fulness and the psychological constructs. Variables are expres-
sed as mean (M) ± standard deviation (SD, square roots of vari-
ance). The effect sizes were estimated, using Cohen’s d (Cohen,
1988). According to Cohen (1988), values above .80 were taken
to indicate large effects and .50 - .80 as moderate effects.
Socio-Demographic Sample (See Table 1)
The descriptive findings for the full sample of 167 respon-
dents showed that more than 98% were men, 91.02% were
between 18 and 36 years (11.37% between 18 and 21, 79.64%
between 21 and 36) and 8.98% were between 37 and 55 . They
were predominantly Caucasian (>75%), 41.31% were married
or living as couples and 35.93% were smokers. They had
served 7.76 ± 6.67 years on active duty. The mean (standard
deviation) number of missions was 3.1 (M = 3.49) ranging from
0 to 15. As might be expected, length of active duty was posi-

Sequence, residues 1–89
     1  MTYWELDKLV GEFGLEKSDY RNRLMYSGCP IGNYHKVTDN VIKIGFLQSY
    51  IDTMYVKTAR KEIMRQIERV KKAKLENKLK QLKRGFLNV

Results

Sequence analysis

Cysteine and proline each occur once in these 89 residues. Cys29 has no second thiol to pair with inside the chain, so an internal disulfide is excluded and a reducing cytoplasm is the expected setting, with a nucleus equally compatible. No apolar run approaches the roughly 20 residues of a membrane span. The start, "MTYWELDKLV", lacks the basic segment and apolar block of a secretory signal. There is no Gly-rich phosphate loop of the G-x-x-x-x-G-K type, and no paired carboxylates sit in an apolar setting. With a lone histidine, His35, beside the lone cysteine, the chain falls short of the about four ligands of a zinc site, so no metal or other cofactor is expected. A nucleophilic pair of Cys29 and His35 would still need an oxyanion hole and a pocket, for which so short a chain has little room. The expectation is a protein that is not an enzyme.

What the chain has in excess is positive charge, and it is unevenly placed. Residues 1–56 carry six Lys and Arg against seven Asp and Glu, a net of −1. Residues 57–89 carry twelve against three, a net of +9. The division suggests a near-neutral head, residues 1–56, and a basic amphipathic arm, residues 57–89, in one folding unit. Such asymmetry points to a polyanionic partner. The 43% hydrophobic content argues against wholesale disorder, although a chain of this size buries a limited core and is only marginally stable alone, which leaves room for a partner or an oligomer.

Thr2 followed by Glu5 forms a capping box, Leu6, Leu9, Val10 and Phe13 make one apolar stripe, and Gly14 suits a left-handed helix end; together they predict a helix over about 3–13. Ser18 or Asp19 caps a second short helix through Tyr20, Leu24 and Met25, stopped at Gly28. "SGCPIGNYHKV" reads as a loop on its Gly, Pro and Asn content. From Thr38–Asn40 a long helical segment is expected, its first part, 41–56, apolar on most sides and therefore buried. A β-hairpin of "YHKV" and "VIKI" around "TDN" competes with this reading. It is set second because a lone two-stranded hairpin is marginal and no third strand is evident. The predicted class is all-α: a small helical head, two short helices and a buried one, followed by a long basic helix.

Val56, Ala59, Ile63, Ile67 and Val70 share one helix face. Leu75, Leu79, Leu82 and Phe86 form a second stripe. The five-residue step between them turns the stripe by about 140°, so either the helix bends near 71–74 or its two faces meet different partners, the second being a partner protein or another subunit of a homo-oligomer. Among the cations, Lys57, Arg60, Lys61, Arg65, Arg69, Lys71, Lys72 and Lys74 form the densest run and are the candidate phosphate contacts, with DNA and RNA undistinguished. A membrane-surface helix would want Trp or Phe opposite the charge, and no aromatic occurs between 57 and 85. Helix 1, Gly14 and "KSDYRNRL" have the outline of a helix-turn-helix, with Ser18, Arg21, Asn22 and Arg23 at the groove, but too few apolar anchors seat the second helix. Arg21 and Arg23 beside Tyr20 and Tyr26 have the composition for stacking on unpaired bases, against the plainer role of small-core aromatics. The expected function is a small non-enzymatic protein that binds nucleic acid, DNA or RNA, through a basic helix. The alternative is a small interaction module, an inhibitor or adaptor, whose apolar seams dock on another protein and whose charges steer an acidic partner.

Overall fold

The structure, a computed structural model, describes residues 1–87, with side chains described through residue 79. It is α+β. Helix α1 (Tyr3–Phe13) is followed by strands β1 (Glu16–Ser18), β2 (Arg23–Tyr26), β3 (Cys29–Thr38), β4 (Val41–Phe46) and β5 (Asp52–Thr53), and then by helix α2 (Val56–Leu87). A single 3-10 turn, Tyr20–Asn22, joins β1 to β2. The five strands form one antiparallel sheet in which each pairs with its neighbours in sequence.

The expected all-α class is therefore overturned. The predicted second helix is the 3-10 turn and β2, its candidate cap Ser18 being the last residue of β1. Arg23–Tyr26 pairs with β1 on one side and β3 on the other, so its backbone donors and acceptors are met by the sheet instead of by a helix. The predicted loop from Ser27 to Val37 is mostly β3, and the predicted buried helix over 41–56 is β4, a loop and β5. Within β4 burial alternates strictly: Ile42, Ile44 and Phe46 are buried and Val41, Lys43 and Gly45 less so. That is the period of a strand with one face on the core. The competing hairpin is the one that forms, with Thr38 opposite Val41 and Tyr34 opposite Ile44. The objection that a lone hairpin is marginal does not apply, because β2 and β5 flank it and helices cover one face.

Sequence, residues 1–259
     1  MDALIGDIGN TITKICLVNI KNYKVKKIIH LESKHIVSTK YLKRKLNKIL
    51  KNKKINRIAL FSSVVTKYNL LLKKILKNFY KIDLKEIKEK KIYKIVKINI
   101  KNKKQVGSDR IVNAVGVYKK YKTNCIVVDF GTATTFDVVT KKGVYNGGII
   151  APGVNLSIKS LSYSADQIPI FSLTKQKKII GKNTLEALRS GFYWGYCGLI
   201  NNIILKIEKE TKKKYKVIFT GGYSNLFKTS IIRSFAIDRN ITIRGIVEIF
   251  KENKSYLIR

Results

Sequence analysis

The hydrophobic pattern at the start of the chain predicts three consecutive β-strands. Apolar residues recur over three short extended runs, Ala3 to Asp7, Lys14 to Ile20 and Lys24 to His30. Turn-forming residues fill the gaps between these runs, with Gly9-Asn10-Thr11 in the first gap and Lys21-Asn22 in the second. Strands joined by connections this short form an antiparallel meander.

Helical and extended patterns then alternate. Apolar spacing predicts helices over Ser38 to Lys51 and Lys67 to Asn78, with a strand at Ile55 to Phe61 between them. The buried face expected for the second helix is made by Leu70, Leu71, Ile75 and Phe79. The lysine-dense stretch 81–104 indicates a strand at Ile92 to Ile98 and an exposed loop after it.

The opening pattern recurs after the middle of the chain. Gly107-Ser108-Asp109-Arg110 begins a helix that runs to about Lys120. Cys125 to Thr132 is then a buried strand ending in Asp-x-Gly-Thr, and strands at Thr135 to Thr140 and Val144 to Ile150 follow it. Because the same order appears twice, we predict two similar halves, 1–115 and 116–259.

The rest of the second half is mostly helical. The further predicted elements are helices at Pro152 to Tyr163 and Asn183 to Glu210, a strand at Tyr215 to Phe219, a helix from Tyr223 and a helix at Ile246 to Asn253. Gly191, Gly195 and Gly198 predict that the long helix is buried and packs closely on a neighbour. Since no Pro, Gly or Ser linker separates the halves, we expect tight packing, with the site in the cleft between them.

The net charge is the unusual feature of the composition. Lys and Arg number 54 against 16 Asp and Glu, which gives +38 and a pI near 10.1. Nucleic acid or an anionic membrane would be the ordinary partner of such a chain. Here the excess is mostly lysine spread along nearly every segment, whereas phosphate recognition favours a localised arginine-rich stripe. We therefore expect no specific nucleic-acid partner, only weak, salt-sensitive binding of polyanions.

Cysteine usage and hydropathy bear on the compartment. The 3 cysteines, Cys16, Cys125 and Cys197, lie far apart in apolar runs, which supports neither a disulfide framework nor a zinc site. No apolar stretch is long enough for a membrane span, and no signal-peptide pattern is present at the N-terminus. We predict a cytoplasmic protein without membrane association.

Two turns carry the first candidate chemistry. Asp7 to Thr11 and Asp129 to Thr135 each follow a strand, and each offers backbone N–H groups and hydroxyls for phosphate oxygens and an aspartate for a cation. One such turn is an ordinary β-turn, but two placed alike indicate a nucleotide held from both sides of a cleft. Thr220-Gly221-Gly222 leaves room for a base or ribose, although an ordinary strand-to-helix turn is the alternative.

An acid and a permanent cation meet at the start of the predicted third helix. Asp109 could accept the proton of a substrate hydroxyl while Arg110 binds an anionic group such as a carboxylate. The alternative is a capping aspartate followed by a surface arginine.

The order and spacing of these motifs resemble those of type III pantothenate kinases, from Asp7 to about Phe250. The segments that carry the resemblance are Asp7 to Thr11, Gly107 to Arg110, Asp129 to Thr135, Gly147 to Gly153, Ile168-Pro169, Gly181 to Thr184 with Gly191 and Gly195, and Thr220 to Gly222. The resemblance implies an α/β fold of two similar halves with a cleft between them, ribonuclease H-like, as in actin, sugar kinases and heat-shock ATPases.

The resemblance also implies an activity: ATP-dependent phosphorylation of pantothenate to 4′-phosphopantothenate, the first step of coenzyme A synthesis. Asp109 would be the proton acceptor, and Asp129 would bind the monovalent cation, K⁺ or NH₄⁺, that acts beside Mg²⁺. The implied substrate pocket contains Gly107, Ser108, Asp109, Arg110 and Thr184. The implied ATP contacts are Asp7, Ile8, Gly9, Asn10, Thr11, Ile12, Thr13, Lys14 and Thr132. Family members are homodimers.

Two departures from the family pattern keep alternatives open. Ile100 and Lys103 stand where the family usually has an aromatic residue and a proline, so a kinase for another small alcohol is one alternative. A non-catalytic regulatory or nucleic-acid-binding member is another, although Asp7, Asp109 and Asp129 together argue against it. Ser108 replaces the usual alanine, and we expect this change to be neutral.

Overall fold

tively correlated the number of missions (r = .55; p < .01).
Of the sample population, 108 (64.7%) were from the moun-
tain infantry unit (sub sample 1) and the remaining 59 (35.3%)
served as submariners (sub sample 2). More than 98% of the
mountain infantrymen were men, and all had been engaged in
more than two operational deployments (2.6 ± 2.36). More than
44% (n = 48) reported experience of a recent stressful event in
last years, experiencing a stressful event in recent years, and
more than 16% reported health concerns. All the submariners
were men, and all had engaged in more than five submarine
patrols (5.71 ± 4.14). More than 32% (n = 19) reported experi-
ence of a recent stressful event, but none reported being con-
cerned about their health. No significant differences were ob-
served in terms of educational background, age or matrimonial
status between the two sub samples, although infantrymen
smoked more than submariners. The positive correlation be-
tween length of active duty and the number of missions held in
both samples (r = .72; p < .01 and r = .51; p < .01 for subma-
riners and infantrymen respectively). Infantrymen reported
fewer years of active service, and significantly fewer numbers
of missions than submariners. They also reported a higher rate